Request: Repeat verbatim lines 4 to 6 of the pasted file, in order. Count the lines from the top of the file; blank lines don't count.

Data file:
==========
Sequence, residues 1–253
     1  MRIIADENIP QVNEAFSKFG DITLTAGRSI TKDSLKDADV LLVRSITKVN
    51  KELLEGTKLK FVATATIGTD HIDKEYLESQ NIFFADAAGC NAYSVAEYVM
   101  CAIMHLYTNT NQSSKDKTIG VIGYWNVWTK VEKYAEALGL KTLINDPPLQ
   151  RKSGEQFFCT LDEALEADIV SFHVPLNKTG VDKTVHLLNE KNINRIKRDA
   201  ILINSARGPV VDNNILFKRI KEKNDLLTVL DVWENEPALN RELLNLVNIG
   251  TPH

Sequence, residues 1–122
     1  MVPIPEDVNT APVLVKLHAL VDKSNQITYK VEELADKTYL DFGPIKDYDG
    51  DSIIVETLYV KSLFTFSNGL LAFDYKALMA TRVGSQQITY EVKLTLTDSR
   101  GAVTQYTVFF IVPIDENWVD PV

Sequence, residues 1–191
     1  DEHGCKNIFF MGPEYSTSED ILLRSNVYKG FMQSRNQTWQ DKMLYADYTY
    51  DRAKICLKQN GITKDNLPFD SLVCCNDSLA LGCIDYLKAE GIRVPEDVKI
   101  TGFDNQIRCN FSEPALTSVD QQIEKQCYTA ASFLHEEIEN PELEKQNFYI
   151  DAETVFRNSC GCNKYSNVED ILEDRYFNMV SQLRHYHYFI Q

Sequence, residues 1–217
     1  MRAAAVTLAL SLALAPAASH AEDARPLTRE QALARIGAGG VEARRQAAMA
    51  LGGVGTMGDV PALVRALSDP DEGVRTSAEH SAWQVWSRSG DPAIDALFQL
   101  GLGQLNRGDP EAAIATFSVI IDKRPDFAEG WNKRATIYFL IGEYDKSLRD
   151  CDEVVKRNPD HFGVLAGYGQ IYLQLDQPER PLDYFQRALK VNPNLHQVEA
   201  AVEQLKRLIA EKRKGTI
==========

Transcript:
   101  CAIMHLYTNT NQSSKDKTIG VIGYWNVWTK VEKYAEALGL KTLINDPPLQ
   151  RKSGEQFFCT LDEALEADIV SFHVPLNKTG VDKTVHLLNE KNINRIKRDA
   201  ILINSARGPV VDNNILFKRI KEKNDLLTVL DVWENEPALN RELLNLVNIG